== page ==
January 1, 2012 | Keith Howard
While running up a flight of stairs on an icy morning, merging from one lane to another during rush hour or sliding centimeters past an open file cabinet at the office, every day we narrowly avoid incidents that could result in a serious injury. When these incidents take place on the job, it can serve as a warning that a serious incident is waiting to happen.
Near misses and resulting inspections may help prevent an injury or even a fatality, but an investigation cannot take place if the near miss is not reported accurately. Therefore, setting up a successful safety management program to ensure near misses are reported and investigated is an important step in reducing occurrences of serious incidents.
Recognizing near misses
OSHA defines a near miss as an incident in which no property was damaged and no personal injury was sustained, but where, given a slight shift in time or position, damage or injury easily could have occurred. Near misses also may be referred to as close calls, near accidents, accident precursors, injury-free events and, in the case of moving objects, near collisions.
With so many different names, establishing an agreed-upon term and a concise meaning is the first of several steps toward creating a successful near-miss program, said Dr. Ulku Oktem, adjunct professor at the Operations and Information Management Department of the Wharton School of the University of Pennsylvania and a senior fellow at the Risk Management and Decision Process Center.
Through interviews conducted with individuals who manage near-miss programs in the environmental, health and safety departments at five Fortune 500 companies, Oktem and her colleagues created the following steps for setting up a successful near-miss program:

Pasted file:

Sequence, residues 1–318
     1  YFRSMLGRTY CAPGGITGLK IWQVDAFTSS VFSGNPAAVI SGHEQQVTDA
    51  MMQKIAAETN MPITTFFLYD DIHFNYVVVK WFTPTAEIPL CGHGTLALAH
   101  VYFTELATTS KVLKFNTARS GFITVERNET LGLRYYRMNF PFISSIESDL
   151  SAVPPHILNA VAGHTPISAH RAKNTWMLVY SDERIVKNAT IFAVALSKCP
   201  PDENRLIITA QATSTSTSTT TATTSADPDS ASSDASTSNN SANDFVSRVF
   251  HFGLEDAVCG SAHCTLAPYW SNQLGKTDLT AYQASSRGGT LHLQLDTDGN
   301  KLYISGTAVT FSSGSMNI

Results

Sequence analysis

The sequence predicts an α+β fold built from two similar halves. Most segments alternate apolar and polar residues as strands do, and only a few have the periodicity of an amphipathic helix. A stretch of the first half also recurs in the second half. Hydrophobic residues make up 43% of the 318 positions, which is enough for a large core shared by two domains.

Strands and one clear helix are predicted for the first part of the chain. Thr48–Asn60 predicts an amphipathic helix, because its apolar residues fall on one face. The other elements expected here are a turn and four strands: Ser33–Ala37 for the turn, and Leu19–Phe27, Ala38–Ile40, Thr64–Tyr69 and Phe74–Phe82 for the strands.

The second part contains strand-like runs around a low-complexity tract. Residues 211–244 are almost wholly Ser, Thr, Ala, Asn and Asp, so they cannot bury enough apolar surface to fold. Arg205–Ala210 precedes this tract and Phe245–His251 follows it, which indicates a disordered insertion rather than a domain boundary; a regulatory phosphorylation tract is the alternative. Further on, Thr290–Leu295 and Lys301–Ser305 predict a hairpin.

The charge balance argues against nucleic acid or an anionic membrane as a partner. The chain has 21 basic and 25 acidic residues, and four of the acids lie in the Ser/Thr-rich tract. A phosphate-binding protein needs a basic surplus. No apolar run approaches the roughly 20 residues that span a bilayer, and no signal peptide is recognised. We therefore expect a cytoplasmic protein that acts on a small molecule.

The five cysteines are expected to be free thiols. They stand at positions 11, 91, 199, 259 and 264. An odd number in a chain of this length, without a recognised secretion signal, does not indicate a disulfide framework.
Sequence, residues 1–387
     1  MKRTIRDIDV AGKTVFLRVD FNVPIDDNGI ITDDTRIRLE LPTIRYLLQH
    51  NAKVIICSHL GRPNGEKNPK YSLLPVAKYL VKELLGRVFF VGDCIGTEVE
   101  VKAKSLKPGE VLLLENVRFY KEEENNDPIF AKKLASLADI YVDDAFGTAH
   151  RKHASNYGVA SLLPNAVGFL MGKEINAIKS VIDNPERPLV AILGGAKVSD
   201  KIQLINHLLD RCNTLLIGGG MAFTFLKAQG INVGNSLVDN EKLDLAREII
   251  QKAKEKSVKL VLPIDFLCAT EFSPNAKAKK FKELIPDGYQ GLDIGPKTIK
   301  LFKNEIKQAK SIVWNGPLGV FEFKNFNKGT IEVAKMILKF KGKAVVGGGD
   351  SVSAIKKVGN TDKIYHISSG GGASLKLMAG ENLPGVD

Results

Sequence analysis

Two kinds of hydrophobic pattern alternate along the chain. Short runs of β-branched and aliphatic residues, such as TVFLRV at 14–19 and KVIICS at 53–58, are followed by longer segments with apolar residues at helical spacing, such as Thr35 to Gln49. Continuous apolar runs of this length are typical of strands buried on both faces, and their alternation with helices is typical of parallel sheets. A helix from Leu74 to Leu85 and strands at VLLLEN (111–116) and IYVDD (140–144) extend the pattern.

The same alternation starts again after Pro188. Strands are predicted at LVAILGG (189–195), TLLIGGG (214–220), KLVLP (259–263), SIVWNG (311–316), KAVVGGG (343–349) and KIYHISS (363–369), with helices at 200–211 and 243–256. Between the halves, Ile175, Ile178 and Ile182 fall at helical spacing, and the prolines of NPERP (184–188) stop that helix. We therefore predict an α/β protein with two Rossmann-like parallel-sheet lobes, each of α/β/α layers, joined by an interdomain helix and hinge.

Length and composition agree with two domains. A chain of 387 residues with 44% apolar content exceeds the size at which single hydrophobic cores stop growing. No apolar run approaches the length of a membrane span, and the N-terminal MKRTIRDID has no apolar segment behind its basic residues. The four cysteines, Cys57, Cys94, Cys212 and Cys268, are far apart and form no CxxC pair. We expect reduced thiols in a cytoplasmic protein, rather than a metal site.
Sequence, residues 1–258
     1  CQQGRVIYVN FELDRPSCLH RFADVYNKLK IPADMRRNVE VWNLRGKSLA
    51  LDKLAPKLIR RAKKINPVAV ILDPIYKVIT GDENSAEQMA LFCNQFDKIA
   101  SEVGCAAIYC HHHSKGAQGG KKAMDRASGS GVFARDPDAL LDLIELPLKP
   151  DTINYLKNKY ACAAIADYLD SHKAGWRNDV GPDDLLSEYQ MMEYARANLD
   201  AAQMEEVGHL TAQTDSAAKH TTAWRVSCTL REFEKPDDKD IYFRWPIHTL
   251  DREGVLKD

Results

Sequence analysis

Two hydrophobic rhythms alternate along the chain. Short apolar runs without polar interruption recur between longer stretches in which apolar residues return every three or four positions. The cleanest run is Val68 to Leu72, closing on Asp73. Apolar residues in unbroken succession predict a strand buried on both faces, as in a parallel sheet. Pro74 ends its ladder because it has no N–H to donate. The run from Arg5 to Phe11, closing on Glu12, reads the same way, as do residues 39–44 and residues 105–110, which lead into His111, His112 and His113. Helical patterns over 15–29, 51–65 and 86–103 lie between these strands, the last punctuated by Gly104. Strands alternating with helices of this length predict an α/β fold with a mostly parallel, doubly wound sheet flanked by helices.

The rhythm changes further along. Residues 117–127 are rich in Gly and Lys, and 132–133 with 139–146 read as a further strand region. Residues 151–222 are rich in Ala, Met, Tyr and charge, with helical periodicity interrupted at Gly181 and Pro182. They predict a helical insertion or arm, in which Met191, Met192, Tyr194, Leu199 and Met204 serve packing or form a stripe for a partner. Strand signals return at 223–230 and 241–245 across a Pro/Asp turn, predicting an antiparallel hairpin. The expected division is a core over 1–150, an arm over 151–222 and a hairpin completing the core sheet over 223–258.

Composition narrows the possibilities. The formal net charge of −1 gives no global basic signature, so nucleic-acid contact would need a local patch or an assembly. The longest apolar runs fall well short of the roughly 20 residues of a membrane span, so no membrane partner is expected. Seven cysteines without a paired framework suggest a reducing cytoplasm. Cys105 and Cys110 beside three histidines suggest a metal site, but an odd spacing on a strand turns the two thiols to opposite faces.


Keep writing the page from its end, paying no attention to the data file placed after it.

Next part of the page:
- Create a clear definition of a near miss.
- Make a written disclosure and report the identified near miss.
- Prioritize reports and classify information for future actions.
- Distribute information to the people involved in the near miss.
- Analyze the causes of the problem.
- Identify solutions to the problem.
- Disseminate the solutions to the people impacted.
- Resolve all actions and check any changes.
Among these steps, Oktem stressed the issue of prioritizing. “You need to prioritize, and each company will be different than another company. Prioritizing, I think, is an extremely important part of the process,” Oktem said. “If you do not prioritize, you really do not take care of things in the right order.”
Companies must remember a thorough near-miss investigation can save time and money by improving system reliability and minimizing the risk of an incident waiting to happen, Oktem said.
“People just cannot afford not to do it,” Oktem said. “By identifying near misses and taking care of them, you can improve profits and you can prevent any potential hazards that can happen to the people or the equipment.”
For Duane Smith, an electrician at New York-based aluminum producer Alcoa Inc., the main reason for having an accurate system for reporting and investigating near misses is “everybody gets to go home in one piece.” According to Smith, who works at a company plant in Davenport, IA, Alcoa instituted several changes to its near-miss reporting system a few years ago that opened the dialogue between employees and the safety management team.
“As far as the formal reports, you have to report it to your supervisor,” he said. “That’s what we do. That’s very important. People need to know who to turn to.”
Currently, five to 10 near-miss reports are discussed each day in regularly scheduled meetings with employees from each shift, said Bob Bartholomew, a mill operator who serves as co-chair of the joint safety, environment and health league at Alcoa. “We try to make sure that we document all the near misses if it happens. It’s probably not the first time, and it’s probably not going to be the last time it’s going to happen,” Bartholomew said. “And the next time it happens, it may be much worse than a near miss.”
Bartholomew said a recent near miss at his facility involved using a crane to lift a sheet of scrap metal nearly 30 feet off the ground and move it from one side of the plant to the other.